There is no obvious indicator of how the victims died. They may have been knifed, or poisoned, or smothered. There are no bludgeon marks on the surviving skeletons. The bodies were casually thrown in, one on top of another. The temple had been rebuilt somewhere between 2150 and 1950BC. The implication is that the mysterious murders must date from the collapse of the Old Kingdom, or the turbulence between 2250BC and 2150BC.

The fortunes of Mendes rose and fell for 25 centuries. The city was a centre of two cults, of the ram god and a fish goddess. It thrived as a trade centre, and early names suggest that semitic herdsmen must have frequently crossed the Sinai desert to visit the region. Scientists have slowly unearthed evidence of factory-scale brewing and baking, of a busy harbour, of a flourishing perfume industry in the Graeco-Roman years and of hasty burials, perhaps during an epidemic of plague.

Mendes reached its heyday during the ancient Greek era. It became a centre of resistance to Persian conquerors who held Egypt for 120 years - a freedom fighter called Neferites I founded a dynasty there - and Ataxerxes the Persian sacked the city in a punitive expedition in 343BC. The settlement survived into the early Christian era, but the Mendesian branch of the Nile meandered away altogether, leaving an enigmatic pattern of granite obelisks, limestone ruins and poor mud graves on a mound of dense sand above the water table in what is now a vast agricultural plain.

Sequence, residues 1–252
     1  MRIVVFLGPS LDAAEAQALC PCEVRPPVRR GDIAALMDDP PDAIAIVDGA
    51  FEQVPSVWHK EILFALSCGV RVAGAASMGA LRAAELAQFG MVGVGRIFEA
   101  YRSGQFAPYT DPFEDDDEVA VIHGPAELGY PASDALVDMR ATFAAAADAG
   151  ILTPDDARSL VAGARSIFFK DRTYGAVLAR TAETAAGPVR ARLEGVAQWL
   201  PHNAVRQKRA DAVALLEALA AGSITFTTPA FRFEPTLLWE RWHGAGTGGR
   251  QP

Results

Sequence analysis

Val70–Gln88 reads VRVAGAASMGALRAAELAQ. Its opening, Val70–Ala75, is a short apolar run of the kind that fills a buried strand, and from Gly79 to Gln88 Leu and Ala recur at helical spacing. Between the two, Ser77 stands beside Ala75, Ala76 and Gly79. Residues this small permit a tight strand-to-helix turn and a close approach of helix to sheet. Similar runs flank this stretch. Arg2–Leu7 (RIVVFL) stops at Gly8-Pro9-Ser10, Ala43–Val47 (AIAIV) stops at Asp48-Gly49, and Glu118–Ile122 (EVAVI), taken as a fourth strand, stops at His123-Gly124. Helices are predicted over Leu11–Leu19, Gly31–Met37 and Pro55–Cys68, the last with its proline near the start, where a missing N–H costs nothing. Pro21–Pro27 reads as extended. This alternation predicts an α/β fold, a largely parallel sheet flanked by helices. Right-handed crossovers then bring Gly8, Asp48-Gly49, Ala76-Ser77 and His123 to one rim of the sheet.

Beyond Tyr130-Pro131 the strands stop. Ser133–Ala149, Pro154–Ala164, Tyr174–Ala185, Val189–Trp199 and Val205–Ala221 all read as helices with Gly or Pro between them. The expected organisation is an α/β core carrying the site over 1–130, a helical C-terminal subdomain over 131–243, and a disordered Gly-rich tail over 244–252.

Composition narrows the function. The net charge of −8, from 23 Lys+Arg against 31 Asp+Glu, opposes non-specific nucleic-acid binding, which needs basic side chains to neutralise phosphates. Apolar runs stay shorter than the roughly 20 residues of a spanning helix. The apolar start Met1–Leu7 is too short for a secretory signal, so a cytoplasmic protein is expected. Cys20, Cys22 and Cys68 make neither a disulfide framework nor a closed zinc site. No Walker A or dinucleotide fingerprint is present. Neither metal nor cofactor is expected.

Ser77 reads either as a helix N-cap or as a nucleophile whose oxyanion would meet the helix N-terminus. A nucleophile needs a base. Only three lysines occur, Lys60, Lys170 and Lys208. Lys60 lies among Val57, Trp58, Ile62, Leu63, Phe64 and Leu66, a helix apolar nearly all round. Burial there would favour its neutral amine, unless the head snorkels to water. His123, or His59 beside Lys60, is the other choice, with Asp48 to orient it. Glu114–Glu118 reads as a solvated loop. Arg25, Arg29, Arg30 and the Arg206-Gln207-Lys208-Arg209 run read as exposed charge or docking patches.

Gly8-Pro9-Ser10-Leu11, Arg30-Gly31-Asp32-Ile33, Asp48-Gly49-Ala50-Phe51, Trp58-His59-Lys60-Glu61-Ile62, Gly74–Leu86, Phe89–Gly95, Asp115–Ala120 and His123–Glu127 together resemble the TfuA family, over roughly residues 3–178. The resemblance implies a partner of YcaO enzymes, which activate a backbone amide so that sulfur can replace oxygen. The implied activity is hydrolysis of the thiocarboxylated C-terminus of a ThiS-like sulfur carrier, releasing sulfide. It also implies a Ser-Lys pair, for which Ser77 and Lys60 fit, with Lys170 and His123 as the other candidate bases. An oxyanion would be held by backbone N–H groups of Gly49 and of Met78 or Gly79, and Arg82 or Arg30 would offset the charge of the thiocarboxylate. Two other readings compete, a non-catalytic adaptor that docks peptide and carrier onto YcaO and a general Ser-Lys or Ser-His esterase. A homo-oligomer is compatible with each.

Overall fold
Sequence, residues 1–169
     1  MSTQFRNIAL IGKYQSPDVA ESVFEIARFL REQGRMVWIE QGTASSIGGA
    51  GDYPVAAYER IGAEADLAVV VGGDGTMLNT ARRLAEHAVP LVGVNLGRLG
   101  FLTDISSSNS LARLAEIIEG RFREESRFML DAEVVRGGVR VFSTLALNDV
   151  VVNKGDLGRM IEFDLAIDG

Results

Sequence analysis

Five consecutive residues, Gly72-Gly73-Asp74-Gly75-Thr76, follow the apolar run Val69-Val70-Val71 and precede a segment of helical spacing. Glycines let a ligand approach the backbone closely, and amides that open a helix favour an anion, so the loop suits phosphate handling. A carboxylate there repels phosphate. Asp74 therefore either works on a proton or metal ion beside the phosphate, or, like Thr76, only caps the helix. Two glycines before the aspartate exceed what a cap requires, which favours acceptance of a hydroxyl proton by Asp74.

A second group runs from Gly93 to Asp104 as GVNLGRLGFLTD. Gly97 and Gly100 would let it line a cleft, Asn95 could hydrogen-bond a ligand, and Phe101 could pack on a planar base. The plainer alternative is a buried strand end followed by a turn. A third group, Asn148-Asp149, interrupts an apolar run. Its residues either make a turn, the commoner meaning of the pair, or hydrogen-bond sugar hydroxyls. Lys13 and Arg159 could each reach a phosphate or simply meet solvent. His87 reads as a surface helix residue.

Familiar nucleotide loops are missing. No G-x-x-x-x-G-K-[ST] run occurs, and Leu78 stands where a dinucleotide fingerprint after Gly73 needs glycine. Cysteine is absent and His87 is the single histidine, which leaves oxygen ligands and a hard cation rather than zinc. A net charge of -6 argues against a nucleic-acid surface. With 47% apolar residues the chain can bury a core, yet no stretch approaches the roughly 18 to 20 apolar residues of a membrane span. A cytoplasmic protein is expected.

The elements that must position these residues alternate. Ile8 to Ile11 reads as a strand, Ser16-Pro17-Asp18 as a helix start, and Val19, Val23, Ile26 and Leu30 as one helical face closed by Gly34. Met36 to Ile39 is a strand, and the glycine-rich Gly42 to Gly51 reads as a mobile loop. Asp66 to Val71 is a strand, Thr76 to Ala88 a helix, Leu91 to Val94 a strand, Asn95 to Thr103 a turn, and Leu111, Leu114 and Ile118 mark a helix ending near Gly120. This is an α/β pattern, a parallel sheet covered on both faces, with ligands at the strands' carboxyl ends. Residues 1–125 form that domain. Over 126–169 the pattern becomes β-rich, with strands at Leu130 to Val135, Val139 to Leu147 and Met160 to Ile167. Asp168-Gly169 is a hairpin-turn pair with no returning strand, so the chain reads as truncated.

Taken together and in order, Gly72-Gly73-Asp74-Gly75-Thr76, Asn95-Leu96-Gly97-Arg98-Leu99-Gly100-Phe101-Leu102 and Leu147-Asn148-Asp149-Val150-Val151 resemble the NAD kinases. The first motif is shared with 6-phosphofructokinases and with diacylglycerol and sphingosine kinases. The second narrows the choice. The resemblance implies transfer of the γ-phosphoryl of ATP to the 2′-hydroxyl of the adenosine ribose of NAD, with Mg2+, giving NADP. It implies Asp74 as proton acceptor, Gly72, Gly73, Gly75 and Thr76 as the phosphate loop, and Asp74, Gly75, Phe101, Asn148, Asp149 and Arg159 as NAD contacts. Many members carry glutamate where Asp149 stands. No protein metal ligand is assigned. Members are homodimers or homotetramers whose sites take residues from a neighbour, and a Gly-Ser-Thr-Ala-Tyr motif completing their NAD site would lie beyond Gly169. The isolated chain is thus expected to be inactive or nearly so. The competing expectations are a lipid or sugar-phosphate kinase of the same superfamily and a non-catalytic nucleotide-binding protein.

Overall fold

In about AD1,000, an Arab traveller reported that he had seen the temple enlarged by Rameses II still standing. The first European travellers during the Renaissance found it much as it is today. "It must have been during the middle ages that it was finally swept away," Professor Redford said.

Donald B. Redford has been a Professor of Classics and Ancient Mediterranean Studies at Pennsylvania State University since 1998. For 29 years he was a Full Professor at the University of Toronto. He studied at the University of Toronto where he received a Bachelors Degree, a Masters Degree, and a Ph.D. in Near Eastern Studies. Dr. Redford also acted as a Visiting Professor at the University of Pennsylvania and the Ben Gurion University of the Negeb. Donald Redford is married to Susan Redford, a Ph.D. candidate at Penn. State University. She is also an Egyptologists.